If you have read a fair share of my blog entries you know that I am a pastor. As a pastor I have the opportunity in multiple ways every day to interact with a wide variety of people. It's one of things I most enjoy about my vocational life, because no two days are ever the same. Over the years I have learned that God provides me with unique opportunities to intersect with others' lives, if I am willing to be open to these unplanned moments. And invariably, it seems that when I am meeting with someone who lives at the margins of society I am at that moment preoccupied with my concerns.
One of those moments occurred ten minutes ago. I had opened and was reading my most recent financial statement from our denominational pension plan, feeling pleased with the way my retirement plan investments have been performing over the past three months and feeling good to know that in twenty-five years or so when I retire there will be some security awaiting us.
In my momentary revelry I was interrupted by the intercom button to hear our administrative assistant announce, "Bart, there's someone to see you." I opened my door and Mike introduced himself. I asked him the customary, "How are you doing today?" and heard, "Well, not so bad seeing that I spent the night in my truck." It's always difficult to know how to respond appropriately and compassionately to such a response, so I simply said, "Come on in."
He explained to me that he had been at Salvation Army for the past several days (perhaps weeks) and that they had done all they could to assist him. Specifically he has a leaking tire that continues to go flat, which inhibits his ability to do any job search. (Our community does have some public transportation, but it operates nothing like the regularity of large metropolitan areas). Knowing that we have little in our benevolence fund, I offered Mike a couple of other options. He called one organization who couldn't provide any help, and I called another with little success.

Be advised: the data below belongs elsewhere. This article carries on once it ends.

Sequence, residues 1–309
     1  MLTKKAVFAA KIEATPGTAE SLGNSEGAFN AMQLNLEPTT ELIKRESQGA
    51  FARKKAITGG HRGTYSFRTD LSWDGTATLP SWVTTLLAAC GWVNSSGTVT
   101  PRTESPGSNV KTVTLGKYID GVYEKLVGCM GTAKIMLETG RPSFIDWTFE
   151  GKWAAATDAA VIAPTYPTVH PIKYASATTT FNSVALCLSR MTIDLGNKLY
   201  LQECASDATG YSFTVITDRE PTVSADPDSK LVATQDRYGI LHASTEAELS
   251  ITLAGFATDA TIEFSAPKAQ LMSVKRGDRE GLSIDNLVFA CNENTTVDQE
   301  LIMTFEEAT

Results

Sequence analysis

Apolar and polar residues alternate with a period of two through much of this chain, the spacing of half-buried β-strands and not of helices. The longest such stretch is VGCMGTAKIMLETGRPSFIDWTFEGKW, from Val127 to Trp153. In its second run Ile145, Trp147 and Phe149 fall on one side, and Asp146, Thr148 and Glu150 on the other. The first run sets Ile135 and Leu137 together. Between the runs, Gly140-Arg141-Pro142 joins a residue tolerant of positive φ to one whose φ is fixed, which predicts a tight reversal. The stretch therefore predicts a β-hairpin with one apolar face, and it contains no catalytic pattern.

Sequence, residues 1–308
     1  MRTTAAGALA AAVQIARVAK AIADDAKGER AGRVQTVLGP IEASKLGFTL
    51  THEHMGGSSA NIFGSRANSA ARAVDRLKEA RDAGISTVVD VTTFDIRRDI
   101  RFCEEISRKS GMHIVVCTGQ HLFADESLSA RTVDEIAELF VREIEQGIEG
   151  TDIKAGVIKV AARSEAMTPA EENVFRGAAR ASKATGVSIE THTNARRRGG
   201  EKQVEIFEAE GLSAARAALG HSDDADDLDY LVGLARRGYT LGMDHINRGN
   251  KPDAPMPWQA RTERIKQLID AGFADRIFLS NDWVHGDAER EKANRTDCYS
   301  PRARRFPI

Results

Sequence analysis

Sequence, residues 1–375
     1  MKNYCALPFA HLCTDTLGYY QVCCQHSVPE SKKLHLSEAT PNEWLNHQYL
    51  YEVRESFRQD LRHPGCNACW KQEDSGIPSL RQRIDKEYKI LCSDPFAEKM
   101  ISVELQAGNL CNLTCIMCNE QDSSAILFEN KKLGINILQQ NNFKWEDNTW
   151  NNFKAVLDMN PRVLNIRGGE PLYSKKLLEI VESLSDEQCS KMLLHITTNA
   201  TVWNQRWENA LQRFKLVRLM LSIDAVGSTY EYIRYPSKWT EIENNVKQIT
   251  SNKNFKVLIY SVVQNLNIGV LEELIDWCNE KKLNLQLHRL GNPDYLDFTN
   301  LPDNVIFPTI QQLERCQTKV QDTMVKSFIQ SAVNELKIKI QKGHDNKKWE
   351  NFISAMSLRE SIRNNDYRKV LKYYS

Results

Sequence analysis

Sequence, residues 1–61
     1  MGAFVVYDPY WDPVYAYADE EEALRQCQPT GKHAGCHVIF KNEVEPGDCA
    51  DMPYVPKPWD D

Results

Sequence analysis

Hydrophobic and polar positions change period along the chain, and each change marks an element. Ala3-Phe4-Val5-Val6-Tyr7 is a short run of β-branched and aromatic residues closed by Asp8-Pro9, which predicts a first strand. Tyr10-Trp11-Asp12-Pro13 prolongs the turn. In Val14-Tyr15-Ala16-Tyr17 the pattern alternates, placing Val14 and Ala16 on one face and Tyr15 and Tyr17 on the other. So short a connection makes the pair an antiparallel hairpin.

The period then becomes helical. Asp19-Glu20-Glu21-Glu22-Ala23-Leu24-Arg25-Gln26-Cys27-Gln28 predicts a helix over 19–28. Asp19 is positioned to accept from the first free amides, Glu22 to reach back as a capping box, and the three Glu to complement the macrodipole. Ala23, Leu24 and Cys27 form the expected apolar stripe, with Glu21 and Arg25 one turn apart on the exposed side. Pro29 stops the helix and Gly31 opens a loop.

And in the process, at the back of my mind, I heard once again God's inquiring voice. It went something like this ... "So, Bart, you're sitting here in your comfortable church office where it is warm and you have all the technology (and more) you need to do your work. You're scanning the financial results of your pension plan, which has built by the sacrifical giving of Christian people over the years of your ministry service. You're feeling good about your future because you see financial security in retirement. And you're not willing to do anything to help Mike fix his tire?"
It might have been the name that particularly attracted my attention this time, for Mike, as you may know, is the name of our seventeen-year-old son who has been diagnosed with an array of challenging issues and whose future looks a bit uncertain at this point in life. And so, in those brief moments of reflection and recognition, I had to say to myself, "What about when it's your Mike who is in a church office somewhere asking some pastor for assistance? What do you want that person to do for your Mike?"
The answer, of course, is obvious. I want my son Mike to be treated with dignity and compassion if and when the circumstances of his life force him to ask some hopefully friendly stranger for assistance.
And so I did what I should have done in the beginning. I said, "Mike, let's get your truck to a place where they can fix your tire, and I'll find a way to take care of it for you." So I called one of the tire stores, made arrangements for Mike's arrival and agreed to pay for the repair.
On his way out of my office door, his smile and three words were more than adequate, "Thanks. Bless you." No, Mike, bless you. You are not my Mike, but one day you could be.